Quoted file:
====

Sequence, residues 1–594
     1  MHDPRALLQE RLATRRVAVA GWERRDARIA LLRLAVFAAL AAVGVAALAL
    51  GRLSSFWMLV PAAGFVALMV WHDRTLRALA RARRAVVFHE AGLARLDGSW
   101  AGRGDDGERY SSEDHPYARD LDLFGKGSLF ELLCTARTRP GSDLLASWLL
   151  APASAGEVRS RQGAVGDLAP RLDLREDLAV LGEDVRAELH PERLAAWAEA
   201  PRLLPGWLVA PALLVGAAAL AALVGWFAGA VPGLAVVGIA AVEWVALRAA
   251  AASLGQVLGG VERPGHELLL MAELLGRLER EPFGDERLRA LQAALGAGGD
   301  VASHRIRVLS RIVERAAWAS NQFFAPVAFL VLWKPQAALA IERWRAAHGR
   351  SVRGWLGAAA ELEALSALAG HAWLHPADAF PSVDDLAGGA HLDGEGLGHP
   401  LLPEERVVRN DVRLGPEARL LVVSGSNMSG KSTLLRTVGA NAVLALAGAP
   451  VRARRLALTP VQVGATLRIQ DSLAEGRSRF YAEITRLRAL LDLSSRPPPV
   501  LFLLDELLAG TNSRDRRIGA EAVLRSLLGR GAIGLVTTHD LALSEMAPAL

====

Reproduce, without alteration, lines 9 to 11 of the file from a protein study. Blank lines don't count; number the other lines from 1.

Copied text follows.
   351  SVRGWLGAAA ELEALSALAG HAWLHPADAF PSVDDLAGGA HLDGEGLGHP
   401  LLPEERVVRN DVRLGPEARL LVVSGSNMSG KSTLLRTVGA NAVLALAGAP
   451  VRARRLALTP VQVGATLRIQ DSLAEGRSRF YAEITRLRAL LDLSSRPPPV